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Stephanie Ross and Larry Savage, eds., Public Sector Unions in the Age of Austerity.

Stephanie Ross and Larry Savage, eds., Public Sector Unions in the Age of Austerity (Halifax and Winnipeg: Fernwood Publishing 2013)

Unions generally and public sector labour relations in particular are largely understudied. This collection brings together well-established and emerging labour experts exploring public sector unions in their diverse forms. The first article by Bryan Evans discusses the dual role of the state as an employer and sovereign legislator. Situating his article in historical perspective, Evans discusses what differentiates public sector unions from their private sector counterparts, traces the historical origins of public sector associations-cum-unions and pulls together key legislative developments across the provinces and federally. Next Leo Panitch and Donald Swartz update their well-known thesis of "permanent exceptionalism"--the idea that the "temporary" removal of labour rights in the 1970s has ever since been a permanent ideological and legislative fact. Despite the "Labour Trilogy" rulings and recent Supreme Court challenges, Panitch and Swartz show how the Charter continues to grant federal and provincial governments, via the courts, free reign over the usage of injunctions and back-to-work legislation with greater laxity and less parliamentary debate. While the courts have protected the "consultative" process, this does not extend to dispute resolution mechanisms, collective agreements, or to the right to strike. As they show, the Supreme Court has effectively consolidated the assault against trade unions' rights and freedoms into the new millennium.

Larry Savage and Charles Smith follow this up with a valuable overview of the relationship between public sector unions and electoral politics. While diverse in form and function across the provinces and federally, they show how electoral coalitions have shifted over time and place and explore the challenges this poses in a renewed era of state and capitalist militancy. The following articles by Stephanie Ross and David Camfield explore distinct understandings of "social unionism." Both authors provide compelling theoretical and empirical data to support their arguments for union renewal, with Camfield also raising the idea of going beyond social unionism. While both Ross' and Camfield's visions of social unionism offer important suggestions for rebuilding trade union strength, such as the need for alliance-building and proactive framing, some of the limitations of this mode of union praxis are not fully explored.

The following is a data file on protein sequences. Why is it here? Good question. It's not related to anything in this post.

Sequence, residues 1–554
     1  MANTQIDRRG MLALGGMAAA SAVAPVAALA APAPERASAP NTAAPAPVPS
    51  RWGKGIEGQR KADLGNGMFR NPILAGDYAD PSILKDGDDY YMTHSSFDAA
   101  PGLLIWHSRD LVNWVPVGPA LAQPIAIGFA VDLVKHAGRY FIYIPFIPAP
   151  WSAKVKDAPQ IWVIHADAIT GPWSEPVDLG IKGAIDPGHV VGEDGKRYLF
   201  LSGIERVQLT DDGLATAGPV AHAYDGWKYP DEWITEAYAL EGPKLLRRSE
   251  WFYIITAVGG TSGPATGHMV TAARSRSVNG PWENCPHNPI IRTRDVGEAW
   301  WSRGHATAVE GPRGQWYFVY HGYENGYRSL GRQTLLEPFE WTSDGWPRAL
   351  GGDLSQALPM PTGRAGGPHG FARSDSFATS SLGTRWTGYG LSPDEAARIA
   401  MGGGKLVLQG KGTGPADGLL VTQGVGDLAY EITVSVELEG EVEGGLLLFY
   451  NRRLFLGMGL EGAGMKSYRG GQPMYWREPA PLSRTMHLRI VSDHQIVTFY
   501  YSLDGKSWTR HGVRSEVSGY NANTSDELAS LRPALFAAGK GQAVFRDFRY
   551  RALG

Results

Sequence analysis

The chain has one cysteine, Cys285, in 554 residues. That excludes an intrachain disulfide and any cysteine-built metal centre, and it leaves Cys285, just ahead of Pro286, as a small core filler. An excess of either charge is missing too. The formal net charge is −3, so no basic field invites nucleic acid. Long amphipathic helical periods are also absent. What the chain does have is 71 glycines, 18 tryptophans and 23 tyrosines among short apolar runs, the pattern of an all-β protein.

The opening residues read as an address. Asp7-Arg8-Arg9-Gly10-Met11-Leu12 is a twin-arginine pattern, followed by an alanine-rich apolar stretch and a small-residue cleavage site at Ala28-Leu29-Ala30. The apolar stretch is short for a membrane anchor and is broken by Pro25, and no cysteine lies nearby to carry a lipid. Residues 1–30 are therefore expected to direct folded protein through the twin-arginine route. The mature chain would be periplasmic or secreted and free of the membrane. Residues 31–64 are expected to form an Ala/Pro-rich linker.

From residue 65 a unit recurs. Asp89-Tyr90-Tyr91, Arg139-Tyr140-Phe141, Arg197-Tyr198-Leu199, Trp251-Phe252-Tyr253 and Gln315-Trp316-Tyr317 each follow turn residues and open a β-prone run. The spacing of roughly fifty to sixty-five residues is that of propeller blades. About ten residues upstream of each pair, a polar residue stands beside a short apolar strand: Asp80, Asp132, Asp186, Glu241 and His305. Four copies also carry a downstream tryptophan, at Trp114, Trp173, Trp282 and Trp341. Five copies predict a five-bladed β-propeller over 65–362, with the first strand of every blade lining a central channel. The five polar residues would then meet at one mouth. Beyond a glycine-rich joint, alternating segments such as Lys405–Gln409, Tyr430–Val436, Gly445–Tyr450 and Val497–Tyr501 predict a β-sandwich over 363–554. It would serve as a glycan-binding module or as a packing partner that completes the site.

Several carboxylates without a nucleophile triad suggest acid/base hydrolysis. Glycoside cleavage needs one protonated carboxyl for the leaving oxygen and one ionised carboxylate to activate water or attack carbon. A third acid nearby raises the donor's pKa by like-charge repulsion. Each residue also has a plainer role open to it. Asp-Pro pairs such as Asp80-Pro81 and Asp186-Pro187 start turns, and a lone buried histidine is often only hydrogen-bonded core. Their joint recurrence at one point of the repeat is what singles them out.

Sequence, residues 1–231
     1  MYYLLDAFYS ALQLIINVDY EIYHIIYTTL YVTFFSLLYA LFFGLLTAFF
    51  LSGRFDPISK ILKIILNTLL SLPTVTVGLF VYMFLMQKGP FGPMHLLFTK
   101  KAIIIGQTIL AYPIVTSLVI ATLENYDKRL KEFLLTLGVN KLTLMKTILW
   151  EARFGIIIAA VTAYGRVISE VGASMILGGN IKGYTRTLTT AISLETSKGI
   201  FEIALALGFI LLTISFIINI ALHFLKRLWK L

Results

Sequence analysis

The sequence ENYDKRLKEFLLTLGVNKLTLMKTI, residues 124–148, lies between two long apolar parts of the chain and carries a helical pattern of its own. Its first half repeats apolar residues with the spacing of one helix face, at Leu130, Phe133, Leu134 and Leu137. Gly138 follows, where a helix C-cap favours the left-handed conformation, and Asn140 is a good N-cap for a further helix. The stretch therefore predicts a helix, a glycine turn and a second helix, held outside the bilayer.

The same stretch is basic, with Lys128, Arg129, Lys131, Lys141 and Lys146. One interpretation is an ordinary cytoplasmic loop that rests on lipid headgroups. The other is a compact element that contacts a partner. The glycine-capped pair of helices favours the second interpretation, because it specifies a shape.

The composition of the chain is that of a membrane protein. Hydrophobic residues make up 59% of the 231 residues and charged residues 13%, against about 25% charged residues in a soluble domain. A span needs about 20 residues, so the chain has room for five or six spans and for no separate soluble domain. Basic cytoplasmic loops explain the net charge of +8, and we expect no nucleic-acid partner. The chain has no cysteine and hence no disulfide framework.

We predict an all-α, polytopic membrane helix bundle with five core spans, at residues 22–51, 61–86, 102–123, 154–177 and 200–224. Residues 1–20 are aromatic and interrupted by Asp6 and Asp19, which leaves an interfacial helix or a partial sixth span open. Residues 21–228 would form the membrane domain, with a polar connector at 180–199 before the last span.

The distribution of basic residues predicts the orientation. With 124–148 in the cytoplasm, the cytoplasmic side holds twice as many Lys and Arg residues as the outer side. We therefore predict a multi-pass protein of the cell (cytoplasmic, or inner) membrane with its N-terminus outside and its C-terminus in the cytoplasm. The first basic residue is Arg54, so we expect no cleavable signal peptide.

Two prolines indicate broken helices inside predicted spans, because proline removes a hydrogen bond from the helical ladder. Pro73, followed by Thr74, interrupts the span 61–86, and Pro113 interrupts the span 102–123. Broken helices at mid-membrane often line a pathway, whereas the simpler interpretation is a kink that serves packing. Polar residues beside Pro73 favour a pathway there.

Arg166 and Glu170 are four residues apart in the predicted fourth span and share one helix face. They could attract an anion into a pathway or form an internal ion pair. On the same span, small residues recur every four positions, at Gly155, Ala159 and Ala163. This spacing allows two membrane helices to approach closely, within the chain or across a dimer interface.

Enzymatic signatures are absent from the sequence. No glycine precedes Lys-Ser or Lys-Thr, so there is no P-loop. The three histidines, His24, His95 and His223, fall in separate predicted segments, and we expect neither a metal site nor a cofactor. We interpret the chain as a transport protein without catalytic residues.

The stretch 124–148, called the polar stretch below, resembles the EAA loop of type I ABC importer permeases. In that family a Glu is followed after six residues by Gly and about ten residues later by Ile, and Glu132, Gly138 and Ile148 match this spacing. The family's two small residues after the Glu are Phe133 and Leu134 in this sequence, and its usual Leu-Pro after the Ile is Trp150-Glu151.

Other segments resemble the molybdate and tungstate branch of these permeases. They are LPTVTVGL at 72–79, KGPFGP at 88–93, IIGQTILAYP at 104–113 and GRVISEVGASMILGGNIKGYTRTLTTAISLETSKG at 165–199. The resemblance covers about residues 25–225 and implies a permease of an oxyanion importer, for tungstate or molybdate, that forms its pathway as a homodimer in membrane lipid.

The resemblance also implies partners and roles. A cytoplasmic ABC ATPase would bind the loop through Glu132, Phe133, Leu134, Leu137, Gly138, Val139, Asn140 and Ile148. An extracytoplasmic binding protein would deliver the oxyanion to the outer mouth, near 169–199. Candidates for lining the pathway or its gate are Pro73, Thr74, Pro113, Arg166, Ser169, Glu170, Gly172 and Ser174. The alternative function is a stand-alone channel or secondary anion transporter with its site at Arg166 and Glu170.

To what extent has social unionism, even in the most militant and committed of unions, been able to stop, let alone reverse, decades of concerted attacks and defeats? Does militancy in the form of work-to-rule campaigns, sit-ins, and strikes, for example, apply equally to private and public sector forms of social unionism considering their different locations in the broader economy and society? What is the relationship between social unionism and social democracy or explicitly anti-capitalist frameworks? Also, in regards to Camfield's article, particularly his emphasis on "reform from below" or bottom-up politics, absent a broad program of trade union political education might such an emphasis also potentially reproduce the worst excesses of right-wing populism or business unionism? While top-down versus bottom-up conceptualizations may be useful analytical tools to identify the anti-democratic or non-participatory characteristics of trade union practices, there are no special virtues in the expressions themselves. The example of the Chicago Teachers' Union Caucus of Rank and File Educators used in Camfield's text, while inspiring, might also reveal some important strategic and tactical considerations in light of the significant concessions and outright elimination of schools and unionized workers in the aftermath of the 2012 strike. While both authors' introductions to social unionism are perhaps not the place to address these concerns, such questions might provide some useful food for thought in subsequent writings.

In what follows, Donna Baines provides a useful portrait of the nonprofit social services sector, with an emphasis on its predominantly female and racialized workforce, showing how an ethos of care shapes the identity of workers, and the kinds of resistance mobilized in this sector. Similarly, Linda Briskin provides an important empirical examination of nursing work and healthcare restructuring. Both authors show how women form a majority of public sector trade union organizing, illustrating diverse challenges and forms of resistance, and speak to the politicization of care work. The subsequent article by Andy Hanson is an important contribution to this volume. Hanson explores, on the one hand, how public education has reproduced worker-citizens disciplined to the rigours of the Taylorist workplace and rituals of British citizenship. On the other, he notes the contradictory and gendered forms of reproductive labour that education work reproduces in its relationships with teachers, the state, the wider labour movement, and the broader public. In drawing attention to linkages between the state and capital, Hanson provides a useful catalogue of education legislation across the provinces and the unique forms of workplace and trade union resistance.